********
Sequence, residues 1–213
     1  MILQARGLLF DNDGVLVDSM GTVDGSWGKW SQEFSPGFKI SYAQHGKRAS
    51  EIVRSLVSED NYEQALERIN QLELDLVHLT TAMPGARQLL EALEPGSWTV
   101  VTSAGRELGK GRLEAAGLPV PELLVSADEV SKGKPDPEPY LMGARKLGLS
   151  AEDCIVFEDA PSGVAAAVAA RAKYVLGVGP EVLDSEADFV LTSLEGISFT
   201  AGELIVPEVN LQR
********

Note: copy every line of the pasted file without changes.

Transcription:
Sequence, residues 1–213
     1  MILQARGLLF DNDGVLVDSM GTVDGSWGKW SQEFSPGFKI SYAQHGKRAS
    51  EIVRSLVSED NYEQALERIN QLELDLVHLT TAMPGARQLL EALEPGSWTV
   101  VTSAGRELGK GRLEAAGLPV PELLVSADEV SKGKPDPEPY LMGARKLGLS
   151  AEDCIVFEDA PSGVAAAVAA RAKYVLGVGP EVLDSEADFV LTSLEGISFT
   201  AGELIVPEVN LQR